In The News › Nagin panel to back major changes

Dec 31, 2005

Source: Times-Picayune

Nagin panel to back major changes

Nagin panel to back major changes
Single N.O. assessor, court merger urged
Saturday, December 31, 2005
By Bruce Eggler
Staff writer

A committee of Mayor Ray Nagin’s Bring New Orleans Back Commission appears poised to recommend significant changes in the way the city is governed, such as consolidating all property tax assessments in one office, reducing the City Council’s authority over zoning and land-use decisions, and merging the civil and criminal court systems.

The commission’s Government Effectiveness Committee received a report Friday from a subcommittee looking at changes in the way New Orleans government is structured.

The subcommittee recommended a long list of changes, including:

— Consolidating the seven district assessors’ offices into one “independent, professional” assessment office, with the assessor perhaps appointed by an autonomous board similar to the Civil Service Commission.

— Overhauling the city’s permitting process in unspecified ways to make it more efficient.

— Eliminating the City Council’s power to override decisions by the City Planning Commission, the Historic District Landmarks Commission and the Board of Zoning Adjustments, with appeals of those agencies’ decisions possible only to the courts.

— Completing work on the Planning Commission’s long-delayed master plan and revised comprehensive zoning ordinance, and winning council approval for the two documents.

— Promulgating new Landmarks Commission regulations that would eliminate what some critics have seen as that agency’s penchant for making arbitrary decisions.

— Consolidating the city’s dual court systems and reducing the number of judgeships.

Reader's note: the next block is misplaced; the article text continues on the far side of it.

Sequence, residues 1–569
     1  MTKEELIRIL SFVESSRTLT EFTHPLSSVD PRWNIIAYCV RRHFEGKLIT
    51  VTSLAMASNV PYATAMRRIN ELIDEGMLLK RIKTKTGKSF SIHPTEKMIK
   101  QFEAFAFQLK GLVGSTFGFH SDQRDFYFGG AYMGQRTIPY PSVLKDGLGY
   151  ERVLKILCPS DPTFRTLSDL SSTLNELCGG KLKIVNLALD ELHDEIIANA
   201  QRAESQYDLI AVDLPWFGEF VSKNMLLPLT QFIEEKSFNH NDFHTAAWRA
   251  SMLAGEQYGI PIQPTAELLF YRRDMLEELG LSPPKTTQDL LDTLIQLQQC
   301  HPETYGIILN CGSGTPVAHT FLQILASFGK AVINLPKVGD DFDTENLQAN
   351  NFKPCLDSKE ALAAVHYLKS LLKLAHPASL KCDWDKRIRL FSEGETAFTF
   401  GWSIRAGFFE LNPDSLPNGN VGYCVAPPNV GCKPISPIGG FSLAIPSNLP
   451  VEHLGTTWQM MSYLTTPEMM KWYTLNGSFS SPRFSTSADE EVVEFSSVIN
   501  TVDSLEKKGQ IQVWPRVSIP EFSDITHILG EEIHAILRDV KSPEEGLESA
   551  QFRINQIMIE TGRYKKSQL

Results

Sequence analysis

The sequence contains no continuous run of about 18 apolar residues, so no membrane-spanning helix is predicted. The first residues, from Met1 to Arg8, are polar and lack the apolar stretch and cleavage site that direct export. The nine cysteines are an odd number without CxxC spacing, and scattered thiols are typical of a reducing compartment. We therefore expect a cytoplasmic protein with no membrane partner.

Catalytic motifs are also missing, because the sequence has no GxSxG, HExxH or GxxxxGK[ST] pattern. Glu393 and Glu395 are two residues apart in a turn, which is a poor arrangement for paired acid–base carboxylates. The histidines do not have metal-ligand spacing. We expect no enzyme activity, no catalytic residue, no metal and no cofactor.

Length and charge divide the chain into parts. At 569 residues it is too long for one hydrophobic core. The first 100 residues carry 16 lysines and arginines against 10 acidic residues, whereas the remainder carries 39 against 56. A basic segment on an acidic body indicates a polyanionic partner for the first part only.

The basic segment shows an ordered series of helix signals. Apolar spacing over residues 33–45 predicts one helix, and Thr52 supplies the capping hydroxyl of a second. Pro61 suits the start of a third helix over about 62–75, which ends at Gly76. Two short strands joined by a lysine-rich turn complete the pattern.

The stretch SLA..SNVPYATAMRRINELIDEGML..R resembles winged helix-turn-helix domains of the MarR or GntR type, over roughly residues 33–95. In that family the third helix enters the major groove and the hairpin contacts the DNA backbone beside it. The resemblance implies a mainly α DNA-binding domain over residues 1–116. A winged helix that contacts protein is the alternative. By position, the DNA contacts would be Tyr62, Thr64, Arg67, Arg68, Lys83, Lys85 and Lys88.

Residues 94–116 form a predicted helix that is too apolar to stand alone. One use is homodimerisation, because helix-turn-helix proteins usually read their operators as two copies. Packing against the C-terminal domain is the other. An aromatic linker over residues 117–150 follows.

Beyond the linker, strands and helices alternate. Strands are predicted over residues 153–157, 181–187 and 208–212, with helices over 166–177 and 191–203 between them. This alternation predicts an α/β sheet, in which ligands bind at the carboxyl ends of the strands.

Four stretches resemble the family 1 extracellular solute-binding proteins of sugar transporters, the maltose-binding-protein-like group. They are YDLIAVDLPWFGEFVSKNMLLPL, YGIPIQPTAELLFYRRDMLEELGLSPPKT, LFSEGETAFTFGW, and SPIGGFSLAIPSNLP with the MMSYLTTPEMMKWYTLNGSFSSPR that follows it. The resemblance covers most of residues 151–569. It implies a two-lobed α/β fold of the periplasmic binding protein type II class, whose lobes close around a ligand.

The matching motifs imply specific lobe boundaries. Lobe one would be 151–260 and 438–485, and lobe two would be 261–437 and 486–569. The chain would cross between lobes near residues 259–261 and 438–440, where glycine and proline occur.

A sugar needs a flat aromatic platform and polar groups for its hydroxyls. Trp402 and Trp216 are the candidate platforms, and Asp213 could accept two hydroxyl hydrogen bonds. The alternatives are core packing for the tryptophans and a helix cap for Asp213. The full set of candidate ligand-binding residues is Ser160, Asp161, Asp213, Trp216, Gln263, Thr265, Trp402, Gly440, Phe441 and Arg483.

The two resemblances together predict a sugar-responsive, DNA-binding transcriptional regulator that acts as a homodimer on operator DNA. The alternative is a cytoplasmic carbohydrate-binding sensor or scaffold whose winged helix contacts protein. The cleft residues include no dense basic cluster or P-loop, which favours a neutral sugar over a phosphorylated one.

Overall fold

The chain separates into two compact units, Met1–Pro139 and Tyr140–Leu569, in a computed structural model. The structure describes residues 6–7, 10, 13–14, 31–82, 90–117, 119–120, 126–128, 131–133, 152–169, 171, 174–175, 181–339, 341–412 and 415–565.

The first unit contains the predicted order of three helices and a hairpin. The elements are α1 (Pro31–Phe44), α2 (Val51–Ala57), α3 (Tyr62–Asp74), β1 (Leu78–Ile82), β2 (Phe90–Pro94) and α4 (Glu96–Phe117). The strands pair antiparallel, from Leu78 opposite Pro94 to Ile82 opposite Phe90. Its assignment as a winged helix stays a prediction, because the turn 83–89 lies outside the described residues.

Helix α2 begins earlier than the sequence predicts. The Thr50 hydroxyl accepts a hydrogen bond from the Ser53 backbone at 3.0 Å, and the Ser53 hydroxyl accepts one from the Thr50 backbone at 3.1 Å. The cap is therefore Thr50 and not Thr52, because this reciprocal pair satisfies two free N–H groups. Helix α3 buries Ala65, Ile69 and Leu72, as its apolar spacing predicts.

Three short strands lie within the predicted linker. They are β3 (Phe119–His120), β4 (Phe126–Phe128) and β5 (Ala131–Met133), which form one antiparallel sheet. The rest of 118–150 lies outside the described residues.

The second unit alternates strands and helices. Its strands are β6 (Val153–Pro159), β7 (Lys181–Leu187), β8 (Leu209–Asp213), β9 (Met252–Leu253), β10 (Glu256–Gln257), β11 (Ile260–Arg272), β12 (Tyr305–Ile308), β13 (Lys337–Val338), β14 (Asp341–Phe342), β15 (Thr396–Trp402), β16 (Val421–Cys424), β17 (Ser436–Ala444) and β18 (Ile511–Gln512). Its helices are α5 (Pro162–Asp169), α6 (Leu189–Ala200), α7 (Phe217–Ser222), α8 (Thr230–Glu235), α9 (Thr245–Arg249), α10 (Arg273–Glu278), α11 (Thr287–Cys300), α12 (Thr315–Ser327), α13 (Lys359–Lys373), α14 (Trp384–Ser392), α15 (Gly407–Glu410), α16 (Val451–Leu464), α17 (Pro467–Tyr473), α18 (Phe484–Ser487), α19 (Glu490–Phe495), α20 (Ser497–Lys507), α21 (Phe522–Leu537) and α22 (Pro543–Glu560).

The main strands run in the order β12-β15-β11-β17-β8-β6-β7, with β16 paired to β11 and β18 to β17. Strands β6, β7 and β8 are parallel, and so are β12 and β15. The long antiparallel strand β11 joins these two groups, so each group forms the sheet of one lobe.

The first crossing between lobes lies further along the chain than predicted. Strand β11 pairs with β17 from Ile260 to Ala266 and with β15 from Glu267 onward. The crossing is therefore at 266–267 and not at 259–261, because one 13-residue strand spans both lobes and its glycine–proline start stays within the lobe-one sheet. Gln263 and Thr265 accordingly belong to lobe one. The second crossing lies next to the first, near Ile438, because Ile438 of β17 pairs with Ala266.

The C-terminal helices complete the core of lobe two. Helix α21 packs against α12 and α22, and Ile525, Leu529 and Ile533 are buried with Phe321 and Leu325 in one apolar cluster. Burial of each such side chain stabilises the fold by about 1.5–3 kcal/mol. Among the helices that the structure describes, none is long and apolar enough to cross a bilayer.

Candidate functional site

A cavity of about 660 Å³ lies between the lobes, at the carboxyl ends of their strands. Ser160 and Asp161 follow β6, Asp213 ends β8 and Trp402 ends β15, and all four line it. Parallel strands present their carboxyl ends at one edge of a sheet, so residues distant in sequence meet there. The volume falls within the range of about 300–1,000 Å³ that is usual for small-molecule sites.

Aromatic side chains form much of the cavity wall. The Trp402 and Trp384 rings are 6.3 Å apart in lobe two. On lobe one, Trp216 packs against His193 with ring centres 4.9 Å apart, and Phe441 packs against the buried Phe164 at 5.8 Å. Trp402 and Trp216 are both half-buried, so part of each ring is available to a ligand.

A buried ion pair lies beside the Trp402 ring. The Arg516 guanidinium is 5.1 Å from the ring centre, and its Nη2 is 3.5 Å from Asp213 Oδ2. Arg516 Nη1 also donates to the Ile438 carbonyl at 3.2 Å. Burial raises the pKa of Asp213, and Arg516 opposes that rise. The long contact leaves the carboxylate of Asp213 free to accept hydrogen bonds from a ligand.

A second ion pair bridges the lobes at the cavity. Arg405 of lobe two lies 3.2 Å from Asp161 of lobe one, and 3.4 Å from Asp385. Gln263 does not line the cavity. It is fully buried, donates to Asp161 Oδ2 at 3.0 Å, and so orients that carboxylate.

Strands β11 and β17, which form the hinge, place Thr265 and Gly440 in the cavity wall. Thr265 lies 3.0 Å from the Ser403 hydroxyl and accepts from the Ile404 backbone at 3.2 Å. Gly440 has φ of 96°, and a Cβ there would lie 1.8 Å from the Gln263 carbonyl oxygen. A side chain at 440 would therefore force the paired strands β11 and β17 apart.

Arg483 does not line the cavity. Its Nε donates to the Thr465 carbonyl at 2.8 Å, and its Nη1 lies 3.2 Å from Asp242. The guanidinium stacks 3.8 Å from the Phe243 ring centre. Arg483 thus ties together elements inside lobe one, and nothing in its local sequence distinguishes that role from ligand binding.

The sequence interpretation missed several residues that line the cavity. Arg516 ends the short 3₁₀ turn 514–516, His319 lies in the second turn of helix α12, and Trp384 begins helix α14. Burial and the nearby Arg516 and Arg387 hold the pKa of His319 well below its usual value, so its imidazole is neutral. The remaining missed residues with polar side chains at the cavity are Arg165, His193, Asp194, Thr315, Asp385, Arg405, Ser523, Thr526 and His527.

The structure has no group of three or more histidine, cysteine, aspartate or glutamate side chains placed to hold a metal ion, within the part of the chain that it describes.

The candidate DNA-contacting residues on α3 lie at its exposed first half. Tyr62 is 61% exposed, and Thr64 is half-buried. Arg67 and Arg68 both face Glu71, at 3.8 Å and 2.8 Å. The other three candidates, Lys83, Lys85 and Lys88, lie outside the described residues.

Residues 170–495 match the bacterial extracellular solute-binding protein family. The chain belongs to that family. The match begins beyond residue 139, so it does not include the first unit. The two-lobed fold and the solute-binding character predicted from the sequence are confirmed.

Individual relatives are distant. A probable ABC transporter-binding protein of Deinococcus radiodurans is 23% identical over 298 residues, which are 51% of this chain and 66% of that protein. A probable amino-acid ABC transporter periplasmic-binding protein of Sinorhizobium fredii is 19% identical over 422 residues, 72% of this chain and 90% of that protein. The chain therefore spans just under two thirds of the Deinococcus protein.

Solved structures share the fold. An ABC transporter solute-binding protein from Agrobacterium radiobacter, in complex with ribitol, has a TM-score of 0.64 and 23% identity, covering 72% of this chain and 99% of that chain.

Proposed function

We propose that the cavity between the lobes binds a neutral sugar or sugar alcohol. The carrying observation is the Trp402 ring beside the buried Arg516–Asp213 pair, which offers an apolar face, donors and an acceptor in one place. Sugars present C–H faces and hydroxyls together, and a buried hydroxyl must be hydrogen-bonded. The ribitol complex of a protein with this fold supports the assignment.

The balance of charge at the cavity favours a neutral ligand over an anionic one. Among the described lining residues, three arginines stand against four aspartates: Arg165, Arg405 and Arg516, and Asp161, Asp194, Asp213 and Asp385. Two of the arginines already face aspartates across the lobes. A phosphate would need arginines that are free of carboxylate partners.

— Consolidating the New Orleans Police Department with at least some of the other government police and security forces in the city, such as the Levee Board police, Harbor Police and Crescent City Connection police.

— Creating a “transparent, standard, competitive process” for awarding professional service contracts, such as to architects and lawyers, which are not subject to the public bid law.

— Merging the Orleans Levee Board into a larger regional levee board.

Una Anderson, an Orleans Parish School Board member and executive director of the New Orleans Neighborhood Development Collaborative, is chairwoman of the subcommittee that presented the recommendations.

The full Government Effectiveness Committee took no action on the suggestions, but Chairman Gary Solomon said the committee expects to present its final report to Nagin’s commission by Jan. 19.

The committee, the commission or Nagin can reject any of the suggestions, and it is far from certain that any of them will be implemented. There is likely to be strong political opposition to many, and some would require amending the state Constitution or the City Charter.

Another subcommittee, this one on ethics, was less specific in its recommendations but said it favors enacting strong policies to eliminate conflicts of interest, regulate lobbyists, protect whistle-blowers and enforce a code of ethics for local public officials.

A third subcommittee, looking at ways to finance government operations as the city tries to recover from Hurricane Katrina, said it has looked at several options but has made no decisions.

But subcommittee Chairwoman Janet Howard, president of the Bureau of Governmental Research, said one idea that should be pursued is expanding the city’s property tax base, such as by eliminating some exemptions for nonprofit institutions and limiting the application of the homestead exemption.

Howard also called for having the city use zero-based budgeting, which requires that each government program justify its existence and budget “from the ground up” each fiscal year, rather than having its budget based on how much money it got in the past.

Linda Walker, president of the League of Women Voters of New Orleans, said she was disappointed that the committee was not further along in its work and said she fears its final report will be the product of only two or three people, rather than reflecting the views of the full committee membership and public input.

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Bruce Eggler can be reached at or (504) 826-3320.

Dec 31, 2005

Source: Times-Picayune

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